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Los Angeles Dodgers
NL West champs feature true survivors

By Doug Miller /

It has touched every level of Los Angeles Dodgers baseball, from manager Joe Torre to pitcher Derek Lowe to manager of ticket operations Desiree Sanchez.

It's the "C" word, the dreaded disease known as cancer.

Although a cure has yet to be discovered, Torre, Lowe and Sanchez are here to tell people that a cancer diagnosis is far from a death sentence. In fact, huge progress is being made every day against all forms of cancer, and there is great hope for people living with the disease.

That was the driving force behind Stand Up To Cancer, the new initiative to fight the disease. Major League Baseball, which already promotes breast cancer and prostate cancer awareness, was the first donor to the new program with an initial contribution of $10 million to help discover a cure.

And as we sit down in our living rooms or at a ballpark to see who will be the next World Series champions, millions of people all around us are fighting much more serious battles against cancer.

Torre, Lowe and Sanchez are just three members of the Dodgers organization who remind us that there's nothing better than standing up to adversity. Their stories are not much different than the ones of those close to us who battle the disease, the ones we root for much in the same way we root for our favorite players under the postseason lights of October.

For Torre, who says he was "scared to death" when he received his diagnosis of prostate cancer in 1999, the most important thing is getting information.

"I am much more aware of the importance of raising money for research, because that's the only way to develop the resources to keep people alive and find a cure," said Torre, who's been standing up to cancer to the tune of nine straight postseason appearances (eight with the Yankees, one with the Dodgers) since his diagnosis.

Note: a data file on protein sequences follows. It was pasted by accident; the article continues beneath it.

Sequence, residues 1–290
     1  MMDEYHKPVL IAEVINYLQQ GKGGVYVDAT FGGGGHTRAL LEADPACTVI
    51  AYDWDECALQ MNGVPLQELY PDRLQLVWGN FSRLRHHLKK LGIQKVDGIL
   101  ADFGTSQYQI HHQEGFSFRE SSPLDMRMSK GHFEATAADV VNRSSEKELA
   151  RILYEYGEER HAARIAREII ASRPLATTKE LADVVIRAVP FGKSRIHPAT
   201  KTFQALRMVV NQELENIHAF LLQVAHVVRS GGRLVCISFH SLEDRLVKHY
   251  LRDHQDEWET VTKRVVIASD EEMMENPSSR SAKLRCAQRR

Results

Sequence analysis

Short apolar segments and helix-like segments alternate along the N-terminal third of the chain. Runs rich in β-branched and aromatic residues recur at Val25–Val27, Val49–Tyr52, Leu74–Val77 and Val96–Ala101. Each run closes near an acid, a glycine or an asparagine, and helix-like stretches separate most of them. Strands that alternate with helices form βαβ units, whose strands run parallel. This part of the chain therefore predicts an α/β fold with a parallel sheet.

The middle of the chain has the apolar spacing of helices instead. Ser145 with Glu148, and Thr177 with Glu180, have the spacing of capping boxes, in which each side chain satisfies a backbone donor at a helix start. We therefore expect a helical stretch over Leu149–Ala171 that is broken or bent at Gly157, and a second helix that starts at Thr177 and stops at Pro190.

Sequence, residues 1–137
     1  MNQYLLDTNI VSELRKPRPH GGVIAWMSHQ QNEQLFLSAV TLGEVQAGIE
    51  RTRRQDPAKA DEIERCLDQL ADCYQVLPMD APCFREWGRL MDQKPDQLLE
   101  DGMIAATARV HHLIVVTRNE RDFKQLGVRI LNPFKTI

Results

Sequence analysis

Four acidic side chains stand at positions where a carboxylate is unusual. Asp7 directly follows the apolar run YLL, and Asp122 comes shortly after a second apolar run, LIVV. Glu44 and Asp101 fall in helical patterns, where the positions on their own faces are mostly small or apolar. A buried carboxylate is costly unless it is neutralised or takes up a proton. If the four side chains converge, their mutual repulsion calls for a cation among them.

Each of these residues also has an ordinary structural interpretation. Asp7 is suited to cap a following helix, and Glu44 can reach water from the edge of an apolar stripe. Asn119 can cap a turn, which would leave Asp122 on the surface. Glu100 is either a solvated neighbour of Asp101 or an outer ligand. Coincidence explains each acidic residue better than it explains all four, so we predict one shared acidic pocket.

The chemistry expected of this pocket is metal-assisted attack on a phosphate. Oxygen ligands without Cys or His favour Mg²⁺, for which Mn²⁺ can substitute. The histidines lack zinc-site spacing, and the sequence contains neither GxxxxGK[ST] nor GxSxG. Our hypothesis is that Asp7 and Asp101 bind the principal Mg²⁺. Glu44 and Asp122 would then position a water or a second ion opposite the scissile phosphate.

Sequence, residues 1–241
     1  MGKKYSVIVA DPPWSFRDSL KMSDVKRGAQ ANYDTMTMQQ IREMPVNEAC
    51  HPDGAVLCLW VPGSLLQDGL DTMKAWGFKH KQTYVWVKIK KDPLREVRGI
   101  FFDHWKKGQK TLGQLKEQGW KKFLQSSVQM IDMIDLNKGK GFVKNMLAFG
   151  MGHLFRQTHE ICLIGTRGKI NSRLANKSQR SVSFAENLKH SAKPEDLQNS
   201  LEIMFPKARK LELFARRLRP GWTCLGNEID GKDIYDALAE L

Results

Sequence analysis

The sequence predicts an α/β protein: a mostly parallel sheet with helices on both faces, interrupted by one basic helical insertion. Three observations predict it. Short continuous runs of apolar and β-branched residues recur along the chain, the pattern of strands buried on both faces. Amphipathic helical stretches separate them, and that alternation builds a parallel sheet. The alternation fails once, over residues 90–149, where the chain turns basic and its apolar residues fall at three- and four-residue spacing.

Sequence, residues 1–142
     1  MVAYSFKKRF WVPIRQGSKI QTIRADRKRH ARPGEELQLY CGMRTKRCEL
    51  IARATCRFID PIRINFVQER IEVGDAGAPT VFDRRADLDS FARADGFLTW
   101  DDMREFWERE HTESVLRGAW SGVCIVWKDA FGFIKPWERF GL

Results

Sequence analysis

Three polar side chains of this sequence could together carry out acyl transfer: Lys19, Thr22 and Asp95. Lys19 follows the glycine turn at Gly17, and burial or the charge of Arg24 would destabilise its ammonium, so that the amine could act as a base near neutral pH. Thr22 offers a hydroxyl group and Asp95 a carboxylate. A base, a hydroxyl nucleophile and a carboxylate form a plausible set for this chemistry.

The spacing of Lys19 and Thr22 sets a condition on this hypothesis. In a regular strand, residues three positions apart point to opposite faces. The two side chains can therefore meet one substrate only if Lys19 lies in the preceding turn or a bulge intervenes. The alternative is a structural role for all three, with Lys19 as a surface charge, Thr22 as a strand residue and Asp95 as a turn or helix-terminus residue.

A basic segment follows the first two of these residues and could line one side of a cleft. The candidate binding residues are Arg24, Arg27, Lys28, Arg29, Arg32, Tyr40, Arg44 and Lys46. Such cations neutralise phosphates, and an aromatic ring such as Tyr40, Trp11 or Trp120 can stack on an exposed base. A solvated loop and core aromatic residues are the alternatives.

"I think it's great for MLB to have the ability to raise that kind of money, because it will lead to that much more in the way of advancements. I'm proud to be part of MLB, if for no other reason than that."

Lowe had a similarly scary experience with cancer.

When the right-hander was a member of the Boston Red Sox in the winter of 2002, he found out that a growth on his nose was malignant. He had it removed and was fortunate to come away with nothing more serious than a scar, but the experience motivated him to serve as a role model by applying sunscreen every day and urging others to do the same.

"It's an opportunity to talk to people, to talk to kids," Lowe told at the time. "If I can help one or two kids along the way, great. It's an awareness thing. It's more men than anything, saying, 'I don't need sun block. I can bear through it.' But you do [need it].

"You have to worry about your future, which I never did until now. It's an opportunity to talk to people about it. It's something kids should understand, the risk of sun."

A little more than two years after his diagnosis, Lowe stood up to cancer as a member of the historic 2004 World Series champion Red Sox.

And then there's Sanchez, who's standing up to breast cancer with the unconditional support of three children and a mother who also happens to be a cancer survivor.

"I can't be sick," Sanchez told earlier this year. "I have three kids I need to raise. There is no way that I can go anywhere; these kids need me. All I could think of was my kids; I have to be here. They are too young to lose their mother."

They haven't lost their mother. Because of early detection and advances that have been made through initiatives like Stand Up To Cancer, she's finishing up chemotherapy and in good spirits.

"It is a scary thing to have to say; it is a scary thing to have to hear," Sanchez said. "If caught early, breast cancer is such a treatable disease now. I don't think it is something that you should be afraid of."

Unfortunately, for every story of resilience and victory over the disease, there is one in which a loved one was not so lucky. On the Dodgers, for example, catcher Danny Ardoin and outfielder Andruw Jones both have seen relatives succumb to cancer.

That's why team owners Frank and Jamie McCourt joined forces in 2007 with the City of Hope and Childrens Hospital Los Angeles to launch ThinkCure, a non-profit charitable organization dedicated to raising funds for critical cancer research. ThinkCure is the official charity of the Los Angeles Dodgers.

Frank McCourt, who attended the nationally televised Stand Up to Cancer special with Commissioner Bud Selig, told that participating in these charities is "what it's all about."

"Like our ThinkCure, this is being done on a national level," McCourt said. "So to stand up is a great, great cause. And we're happy to support that at the Major League Baseball level, and the Dodgers are going to do anything we can as well.

"I think baseball's involvement will bring awareness, it will bring resources and I think working together, we're a powerful and dynamic team."

Doug Miller is a Senior Writer for This story was not subject to the approval of Major League Baseball or its clubs.